FAIRFIELD COUNTY — A program is catching on throughout the Fairfield County School District that could have a serious long term health benefit for a generation of school children and their families.
The Coordinated Approach to Childhood Health (CATCH) program promotes healthy lifestyle choices as it facilitates learning. Teachers and staff model healthy eating habits and encourage students to make positive choices when it comes to exercise and nutrition.
On Wednesday, faculty and staff from Fairfield Elementary, Fairfield Magnet School for Math and Science and Kelly Miller Elementary presented this innovative program to officials from the Chester County School District.
Children receive training using signage, puppetry skits and object lessons so they learn the different between Slow (moderately healthy), whoa (unhealthy) and go (healthy) foods.
School nurses like Ashlyn Porter perform initial baseline body mass index readings on the children which are then kept on green cards and followed during their school years. They also work with the CATCH committee to encourage parents to have their children checked for high cholesterol and childhood diabetes. Hearing and vision screenings, dental access, preventative health and weight management all fall under the CATCH umbrella.
Principal Tammy Martin used a recent reward incentive for the FES book challenge as an example of CATCH working across the curriculum. Students who had read a certain number of books were treated to eating out at Golden Corral with the principal, but on that trip the chaperones reminded children about slow, no, and go foods before they went to the buffet bar and each child was required to eat at least two vegetables in the meal.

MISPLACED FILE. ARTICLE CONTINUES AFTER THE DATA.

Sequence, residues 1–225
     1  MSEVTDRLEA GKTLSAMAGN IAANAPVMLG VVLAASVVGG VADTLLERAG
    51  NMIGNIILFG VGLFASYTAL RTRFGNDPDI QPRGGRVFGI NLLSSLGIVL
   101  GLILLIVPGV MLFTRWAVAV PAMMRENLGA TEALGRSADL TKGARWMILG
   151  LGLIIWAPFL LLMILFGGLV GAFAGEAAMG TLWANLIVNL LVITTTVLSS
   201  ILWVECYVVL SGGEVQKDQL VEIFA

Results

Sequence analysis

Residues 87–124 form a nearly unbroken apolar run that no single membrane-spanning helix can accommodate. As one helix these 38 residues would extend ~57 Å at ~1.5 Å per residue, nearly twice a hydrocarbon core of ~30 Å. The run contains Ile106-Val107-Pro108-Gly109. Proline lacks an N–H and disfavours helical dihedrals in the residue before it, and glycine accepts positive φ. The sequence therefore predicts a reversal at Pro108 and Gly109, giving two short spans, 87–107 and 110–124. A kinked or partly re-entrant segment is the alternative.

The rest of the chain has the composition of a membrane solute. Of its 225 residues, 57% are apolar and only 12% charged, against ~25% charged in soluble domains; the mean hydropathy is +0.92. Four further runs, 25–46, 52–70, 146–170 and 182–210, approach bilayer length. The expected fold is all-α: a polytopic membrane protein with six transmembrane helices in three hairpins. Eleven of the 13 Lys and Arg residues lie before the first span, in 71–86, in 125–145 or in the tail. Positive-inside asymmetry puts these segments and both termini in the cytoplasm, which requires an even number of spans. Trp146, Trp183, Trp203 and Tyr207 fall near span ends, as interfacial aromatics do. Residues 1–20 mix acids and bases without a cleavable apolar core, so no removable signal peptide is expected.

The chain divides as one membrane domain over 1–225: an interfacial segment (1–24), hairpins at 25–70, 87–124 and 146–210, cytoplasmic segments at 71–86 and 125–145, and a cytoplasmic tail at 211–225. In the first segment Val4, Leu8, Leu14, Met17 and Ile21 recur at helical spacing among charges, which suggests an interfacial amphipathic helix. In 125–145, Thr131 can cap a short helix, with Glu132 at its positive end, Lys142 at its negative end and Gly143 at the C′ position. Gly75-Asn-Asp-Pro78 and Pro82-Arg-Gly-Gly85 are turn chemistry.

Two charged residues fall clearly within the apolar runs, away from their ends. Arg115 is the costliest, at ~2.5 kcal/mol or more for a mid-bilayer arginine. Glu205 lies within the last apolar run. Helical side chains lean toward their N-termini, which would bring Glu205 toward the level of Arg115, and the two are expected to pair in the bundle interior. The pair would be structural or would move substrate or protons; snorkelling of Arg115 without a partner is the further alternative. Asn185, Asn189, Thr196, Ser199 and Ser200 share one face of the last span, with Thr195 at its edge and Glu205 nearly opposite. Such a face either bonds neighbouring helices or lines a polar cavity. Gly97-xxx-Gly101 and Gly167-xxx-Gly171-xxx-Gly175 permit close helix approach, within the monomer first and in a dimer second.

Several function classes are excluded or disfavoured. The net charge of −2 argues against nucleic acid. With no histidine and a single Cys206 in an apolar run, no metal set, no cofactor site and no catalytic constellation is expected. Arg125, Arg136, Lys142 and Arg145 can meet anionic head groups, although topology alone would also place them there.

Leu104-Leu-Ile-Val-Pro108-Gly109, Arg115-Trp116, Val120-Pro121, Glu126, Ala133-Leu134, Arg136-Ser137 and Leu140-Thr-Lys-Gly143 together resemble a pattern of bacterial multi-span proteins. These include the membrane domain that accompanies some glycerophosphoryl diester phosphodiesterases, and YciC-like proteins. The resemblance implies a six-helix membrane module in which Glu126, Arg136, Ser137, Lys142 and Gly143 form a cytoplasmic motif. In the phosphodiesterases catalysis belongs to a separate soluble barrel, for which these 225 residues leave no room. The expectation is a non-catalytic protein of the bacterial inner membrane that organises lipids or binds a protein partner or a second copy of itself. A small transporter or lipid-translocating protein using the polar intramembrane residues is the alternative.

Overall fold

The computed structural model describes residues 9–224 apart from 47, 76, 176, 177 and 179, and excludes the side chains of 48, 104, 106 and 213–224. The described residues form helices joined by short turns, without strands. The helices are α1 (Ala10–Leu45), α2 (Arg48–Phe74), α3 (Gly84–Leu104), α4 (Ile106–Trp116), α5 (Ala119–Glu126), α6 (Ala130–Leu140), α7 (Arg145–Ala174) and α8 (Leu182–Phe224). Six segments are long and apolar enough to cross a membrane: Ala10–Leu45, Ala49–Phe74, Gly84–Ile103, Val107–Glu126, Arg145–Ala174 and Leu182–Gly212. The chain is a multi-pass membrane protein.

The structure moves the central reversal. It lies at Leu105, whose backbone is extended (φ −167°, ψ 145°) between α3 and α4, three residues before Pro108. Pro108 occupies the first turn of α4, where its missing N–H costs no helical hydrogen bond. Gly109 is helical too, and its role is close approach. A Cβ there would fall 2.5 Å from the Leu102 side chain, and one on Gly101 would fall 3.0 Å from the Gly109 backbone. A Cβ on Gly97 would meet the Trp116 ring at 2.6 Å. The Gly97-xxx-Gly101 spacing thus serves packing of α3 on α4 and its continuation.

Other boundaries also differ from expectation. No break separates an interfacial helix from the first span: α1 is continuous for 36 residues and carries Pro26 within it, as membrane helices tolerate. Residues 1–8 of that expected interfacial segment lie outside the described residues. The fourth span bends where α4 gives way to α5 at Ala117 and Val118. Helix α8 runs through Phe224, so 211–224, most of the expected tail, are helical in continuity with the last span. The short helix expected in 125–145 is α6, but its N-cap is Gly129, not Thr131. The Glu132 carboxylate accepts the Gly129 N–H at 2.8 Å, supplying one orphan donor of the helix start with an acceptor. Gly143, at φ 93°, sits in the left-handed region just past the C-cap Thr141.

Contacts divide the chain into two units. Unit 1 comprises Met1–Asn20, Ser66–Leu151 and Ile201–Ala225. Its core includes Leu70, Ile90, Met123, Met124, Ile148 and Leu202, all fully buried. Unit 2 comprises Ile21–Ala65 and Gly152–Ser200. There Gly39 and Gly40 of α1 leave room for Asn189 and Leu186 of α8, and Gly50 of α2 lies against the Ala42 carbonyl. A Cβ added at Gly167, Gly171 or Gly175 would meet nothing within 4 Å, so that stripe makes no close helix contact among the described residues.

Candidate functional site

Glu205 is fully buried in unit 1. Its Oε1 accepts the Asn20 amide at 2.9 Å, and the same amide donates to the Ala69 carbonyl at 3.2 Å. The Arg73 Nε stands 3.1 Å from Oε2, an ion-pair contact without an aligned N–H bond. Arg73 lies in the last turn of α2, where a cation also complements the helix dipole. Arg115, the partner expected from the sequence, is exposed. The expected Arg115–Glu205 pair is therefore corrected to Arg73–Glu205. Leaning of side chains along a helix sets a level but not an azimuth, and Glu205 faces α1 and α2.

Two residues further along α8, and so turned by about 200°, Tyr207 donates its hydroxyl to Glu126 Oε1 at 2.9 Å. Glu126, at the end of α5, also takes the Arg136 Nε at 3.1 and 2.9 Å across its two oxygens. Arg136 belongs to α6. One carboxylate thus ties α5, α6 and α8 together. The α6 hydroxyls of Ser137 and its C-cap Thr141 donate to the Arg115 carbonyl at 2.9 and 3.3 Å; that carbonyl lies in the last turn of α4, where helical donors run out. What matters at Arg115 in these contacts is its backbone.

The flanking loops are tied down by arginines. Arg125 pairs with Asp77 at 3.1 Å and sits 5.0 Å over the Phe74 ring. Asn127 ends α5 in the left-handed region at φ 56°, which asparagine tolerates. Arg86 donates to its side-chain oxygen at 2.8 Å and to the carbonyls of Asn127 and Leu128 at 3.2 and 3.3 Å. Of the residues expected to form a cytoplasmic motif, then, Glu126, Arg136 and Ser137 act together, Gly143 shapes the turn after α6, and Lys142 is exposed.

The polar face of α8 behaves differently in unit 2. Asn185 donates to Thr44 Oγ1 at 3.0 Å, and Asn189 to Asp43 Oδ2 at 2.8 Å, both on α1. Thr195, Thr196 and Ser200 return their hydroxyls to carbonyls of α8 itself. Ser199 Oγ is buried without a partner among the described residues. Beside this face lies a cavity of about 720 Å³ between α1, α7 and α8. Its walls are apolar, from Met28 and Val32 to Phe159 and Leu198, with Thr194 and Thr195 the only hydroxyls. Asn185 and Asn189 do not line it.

Children are encouraged to ask parents for healthy snacks while they are grocery shopping. Also, movement is interspersed throughout the school day. These “brain gym” exercises get students up and moving help to promote blood flow in to the brain. The “brain gym” uses both the left and right side of the brain at once and will help students learn more.
Another way CATCH’s proof is in the proverbial low-fat pudding comes in student discipline referrals. At FES discipline referrals dropped from 1,080 in 2008 to just 132 thus far in 2012-13. That change fit with what research has shown nationwide and that self discipline on the part of students was something that impressed Superintendent Mick Zais on a recent trip he made to Fairfield County Schools.
Sharing the knowledge
Officials from Chester County met as liaisons with Fairfield County School District faculty and staff to explore what a CATCH program would look like if it were put into place in Chester. Chester County Superintendent of Schools Dr. Agnus Slayman had heard of the reputation of the CATCH program and wanted to look into making that success catch on in her district.
Without this type of educational intervention, some of the staff that were present fear that a large portion of the current generation of young people will die prematurely due to complications from type 2 diabetes and heart disease.
Principal Gail Whitfield at Fairfield County Magnet School for Math and Science shared her perspective with the guests from Chester County. “We have done a fantastic job with the CATCH program at our site, just as other FCSD schools have done at their sites. It takes the involvement of everybody for the program to work.